Friday, November 15, 2013

Porta-Potty Ettiquette

I’ve spent some time recently addressing Porta-Potties at my jobsite. We share a construction site with another project (we are building on different parcels) and are having to address site logistics such as dust control and restrooms. Both contractors are claiming that the other’s subcontractors are using their toilets. It got me to thinking about Porta-Potty etiquette.

While it is a common courtesy to only use one’s own restrooms onsite, I realized that there are many other courtesies that one should follow. Additionally, there are some other basic parameters that should be followed. Like many others, I avoid having to use Porta-Potties but sometimes we need to bite the bullet. Below, I offer what I think is the most complete guide to Porta-Potty use ever written. Enjoy.

Plan ahead
The best thing to do is to avoid having to use Porta-Potties. Use the restrooms at home or nearby before you leave for work. I sometimes commute with my wife and drop her off at work. She works for a large Silicon Valley tech firm that has the nicest work restrooms that I have ever seen. We’re talking heated seat, music-playing, with built-in bidet status restrooms.  I use those restrooms as much as possible.

Be prepared to be offended
I’m a big boy and have heard my share of foul language. However, the worst, most foul, most racist, horrible, disrespectful things I have ever encountered were written on the walls of a Porta-Potty. Be prepared.

If you don’t believe me, I found a Tumblr page while researching this article. I will warn you that the site contains foul language and that the views presented at Racist Portapotty in no way reflect my beliefs. I only share it with you as an example of how horrible Porta-Potties can be.

Women get all of the perks
Many contractors have Porta-Potties dedicated for women only. These tend to be nicer in quality and come equipped with locks. Legend has it that these Porta-Potties are immaculately clean.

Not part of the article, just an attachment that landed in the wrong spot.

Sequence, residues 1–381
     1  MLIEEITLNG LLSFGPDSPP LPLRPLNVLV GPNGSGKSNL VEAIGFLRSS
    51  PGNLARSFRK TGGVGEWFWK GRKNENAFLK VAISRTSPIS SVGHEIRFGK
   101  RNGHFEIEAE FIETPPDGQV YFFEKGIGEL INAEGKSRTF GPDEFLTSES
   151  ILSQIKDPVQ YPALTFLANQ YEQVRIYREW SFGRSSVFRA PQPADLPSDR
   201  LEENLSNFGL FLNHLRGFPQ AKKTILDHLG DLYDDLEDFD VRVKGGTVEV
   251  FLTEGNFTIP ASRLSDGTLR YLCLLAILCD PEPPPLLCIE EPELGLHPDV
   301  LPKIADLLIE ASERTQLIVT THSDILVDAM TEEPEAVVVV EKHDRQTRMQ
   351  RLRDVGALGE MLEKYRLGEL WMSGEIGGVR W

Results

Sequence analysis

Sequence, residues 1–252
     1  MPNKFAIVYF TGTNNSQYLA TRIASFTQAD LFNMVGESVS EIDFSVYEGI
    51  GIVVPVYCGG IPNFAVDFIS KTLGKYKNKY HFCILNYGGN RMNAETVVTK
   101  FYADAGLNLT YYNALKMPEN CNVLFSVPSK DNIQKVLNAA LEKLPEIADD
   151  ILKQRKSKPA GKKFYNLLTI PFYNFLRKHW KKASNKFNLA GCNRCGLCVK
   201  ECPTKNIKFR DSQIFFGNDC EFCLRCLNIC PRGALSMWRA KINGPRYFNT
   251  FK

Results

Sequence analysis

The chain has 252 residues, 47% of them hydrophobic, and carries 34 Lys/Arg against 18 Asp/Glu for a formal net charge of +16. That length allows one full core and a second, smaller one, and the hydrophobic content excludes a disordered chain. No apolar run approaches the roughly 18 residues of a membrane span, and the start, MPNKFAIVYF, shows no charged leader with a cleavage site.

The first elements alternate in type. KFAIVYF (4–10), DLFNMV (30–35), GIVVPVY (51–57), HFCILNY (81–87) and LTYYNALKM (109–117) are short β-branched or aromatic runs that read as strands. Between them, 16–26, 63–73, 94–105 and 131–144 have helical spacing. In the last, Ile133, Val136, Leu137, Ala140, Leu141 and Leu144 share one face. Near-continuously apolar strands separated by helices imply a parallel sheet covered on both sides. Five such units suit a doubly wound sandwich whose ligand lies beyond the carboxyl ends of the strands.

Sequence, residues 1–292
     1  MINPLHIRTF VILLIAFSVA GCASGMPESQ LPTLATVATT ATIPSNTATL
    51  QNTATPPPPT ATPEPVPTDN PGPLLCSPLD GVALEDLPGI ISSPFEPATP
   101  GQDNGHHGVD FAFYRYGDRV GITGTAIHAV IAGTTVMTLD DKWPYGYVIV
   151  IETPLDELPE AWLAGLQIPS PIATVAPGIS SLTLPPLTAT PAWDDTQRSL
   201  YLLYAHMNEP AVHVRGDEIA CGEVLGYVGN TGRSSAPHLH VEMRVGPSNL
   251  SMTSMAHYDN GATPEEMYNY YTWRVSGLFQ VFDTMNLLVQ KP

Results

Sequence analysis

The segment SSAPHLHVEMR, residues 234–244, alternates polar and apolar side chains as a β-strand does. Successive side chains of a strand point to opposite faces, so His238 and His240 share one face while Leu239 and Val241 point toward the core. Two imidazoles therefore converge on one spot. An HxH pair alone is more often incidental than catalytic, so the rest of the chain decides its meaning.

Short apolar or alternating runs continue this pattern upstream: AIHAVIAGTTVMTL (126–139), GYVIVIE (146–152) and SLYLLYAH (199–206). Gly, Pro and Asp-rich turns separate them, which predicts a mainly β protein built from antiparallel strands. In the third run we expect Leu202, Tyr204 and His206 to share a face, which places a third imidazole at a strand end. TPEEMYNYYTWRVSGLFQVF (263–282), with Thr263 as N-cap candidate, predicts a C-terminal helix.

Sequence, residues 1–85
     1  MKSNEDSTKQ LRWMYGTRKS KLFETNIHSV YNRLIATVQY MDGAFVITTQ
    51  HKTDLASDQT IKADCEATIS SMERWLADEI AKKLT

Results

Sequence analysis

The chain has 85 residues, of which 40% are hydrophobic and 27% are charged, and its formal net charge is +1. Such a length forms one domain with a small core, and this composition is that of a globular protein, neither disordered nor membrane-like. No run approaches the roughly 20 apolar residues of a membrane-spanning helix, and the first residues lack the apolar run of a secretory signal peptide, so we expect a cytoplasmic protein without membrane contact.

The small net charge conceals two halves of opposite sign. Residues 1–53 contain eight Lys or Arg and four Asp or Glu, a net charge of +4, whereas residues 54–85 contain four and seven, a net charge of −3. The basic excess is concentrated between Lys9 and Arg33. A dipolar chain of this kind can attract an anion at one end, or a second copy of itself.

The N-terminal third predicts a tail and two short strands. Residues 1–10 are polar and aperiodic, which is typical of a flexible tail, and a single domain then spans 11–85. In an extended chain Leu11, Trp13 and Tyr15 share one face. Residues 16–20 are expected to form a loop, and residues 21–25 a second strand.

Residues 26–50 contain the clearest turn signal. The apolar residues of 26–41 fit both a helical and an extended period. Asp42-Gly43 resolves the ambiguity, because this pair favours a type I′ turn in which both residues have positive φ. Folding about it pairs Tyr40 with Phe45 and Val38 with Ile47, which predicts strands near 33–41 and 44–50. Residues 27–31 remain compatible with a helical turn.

Bountiful Toilet Paper
When you get down to business, feel free to use as much toilet paper as you want. There are no attached plumbing lines to clog so go wild!

Do not bring your valuables with you
I mean it. Do not do it. Leave your phone, sunglasses, notebook, pens, keys, tape measure, etc. in the trailer. Taking these items inside with you only serves to (exponentially) increase the risk of dropping these items into the “waste receptacle”. Don’t come whining to me when you choose to not heed my advice.

If you have to violate Rule #5 and you bring your valuables with you, you need to make sure that all pockets are zipped up so that nothing falls out. I always check zippers as I walk to the Porta-Potty.

Close the Lid
Following up on the valuables item, Porta-Potty etiquette dictates that you close the lid to the toilet before leaving the Porta-Potty. There are two reasons for this. First, you help prevent others from dropping their valuables in the toilet. Second, you spare others from having to see the horrible things inside the toilet.

Mornings are best
The afternoon sun heats up Porta-Potties and makes the interiors 10 degrees warmer than the outside. Not only is the increased heat uncomfortable, but the smells become worse as well.

Day Time!
If it gets dark early and you know that you’ll be staying late at work, use the restroom while the sun is still up. Porta-Potties are not illuminated! It is nearly impossible to use a Porta-Potty in the dark.

Learn the Clean Out Schedule
Inside of the Porta-Potty, there is a tag that shows when it was last cleaned. Study that tag and you will see the frequency that the Porta-Potty is cleaned.

Leave these habits on the jobsite
Once you get home, don’t forget to flush the toilet. Your significant other will thank you.

And finally, a little bit of clean humor to end this article. This is a safe link with nothing obscene… Put the Lid Down